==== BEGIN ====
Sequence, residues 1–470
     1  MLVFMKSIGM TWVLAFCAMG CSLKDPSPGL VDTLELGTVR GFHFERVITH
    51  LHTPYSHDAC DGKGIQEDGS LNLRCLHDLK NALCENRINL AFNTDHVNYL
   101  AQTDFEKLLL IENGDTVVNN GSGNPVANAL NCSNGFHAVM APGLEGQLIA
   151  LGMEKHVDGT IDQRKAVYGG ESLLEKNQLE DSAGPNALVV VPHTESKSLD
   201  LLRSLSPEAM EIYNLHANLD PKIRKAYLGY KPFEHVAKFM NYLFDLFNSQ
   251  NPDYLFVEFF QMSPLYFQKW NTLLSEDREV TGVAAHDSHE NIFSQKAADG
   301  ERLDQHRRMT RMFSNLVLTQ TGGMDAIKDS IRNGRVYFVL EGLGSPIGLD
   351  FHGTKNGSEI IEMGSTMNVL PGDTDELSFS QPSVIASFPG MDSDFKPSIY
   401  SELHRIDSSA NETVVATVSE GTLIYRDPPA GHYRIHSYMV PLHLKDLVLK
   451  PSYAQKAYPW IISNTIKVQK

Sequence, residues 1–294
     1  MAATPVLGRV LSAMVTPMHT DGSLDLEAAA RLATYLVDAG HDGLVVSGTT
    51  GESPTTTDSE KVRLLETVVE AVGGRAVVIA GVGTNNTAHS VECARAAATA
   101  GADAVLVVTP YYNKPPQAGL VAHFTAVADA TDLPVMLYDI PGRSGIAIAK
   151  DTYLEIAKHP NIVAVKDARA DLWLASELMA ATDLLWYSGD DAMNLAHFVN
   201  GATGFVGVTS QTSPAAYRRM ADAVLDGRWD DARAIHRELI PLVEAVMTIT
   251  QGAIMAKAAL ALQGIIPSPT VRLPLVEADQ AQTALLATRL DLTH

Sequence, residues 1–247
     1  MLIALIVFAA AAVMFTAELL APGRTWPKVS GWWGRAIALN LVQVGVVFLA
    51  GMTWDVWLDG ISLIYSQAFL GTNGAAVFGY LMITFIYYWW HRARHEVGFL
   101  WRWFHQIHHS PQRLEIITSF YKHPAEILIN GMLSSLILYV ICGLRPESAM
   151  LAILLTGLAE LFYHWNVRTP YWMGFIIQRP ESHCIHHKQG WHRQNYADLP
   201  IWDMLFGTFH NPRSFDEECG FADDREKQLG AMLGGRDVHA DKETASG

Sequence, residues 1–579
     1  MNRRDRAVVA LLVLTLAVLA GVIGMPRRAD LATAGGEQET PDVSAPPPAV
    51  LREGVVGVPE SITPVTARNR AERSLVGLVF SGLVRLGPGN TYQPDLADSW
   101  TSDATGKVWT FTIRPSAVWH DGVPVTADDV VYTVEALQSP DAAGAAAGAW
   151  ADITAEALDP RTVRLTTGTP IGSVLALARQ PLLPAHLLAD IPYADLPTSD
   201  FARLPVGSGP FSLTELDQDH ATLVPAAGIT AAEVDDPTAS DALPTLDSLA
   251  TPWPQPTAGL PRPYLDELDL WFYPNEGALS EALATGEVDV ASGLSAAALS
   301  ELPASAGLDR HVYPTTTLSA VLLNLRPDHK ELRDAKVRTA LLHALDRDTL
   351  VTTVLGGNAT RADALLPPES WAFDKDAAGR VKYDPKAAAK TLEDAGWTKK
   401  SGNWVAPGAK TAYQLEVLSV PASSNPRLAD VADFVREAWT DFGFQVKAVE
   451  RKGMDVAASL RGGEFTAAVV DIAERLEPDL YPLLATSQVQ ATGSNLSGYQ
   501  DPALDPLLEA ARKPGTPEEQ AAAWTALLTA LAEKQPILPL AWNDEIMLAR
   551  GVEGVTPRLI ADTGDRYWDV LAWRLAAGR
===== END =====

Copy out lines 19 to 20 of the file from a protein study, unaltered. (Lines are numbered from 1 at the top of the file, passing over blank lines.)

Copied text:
Sequence, residues 1–247
     1  MLIALIVFAA AAVMFTAELL APGRTWPKVS GWWGRAIALN LVQVGVVFLA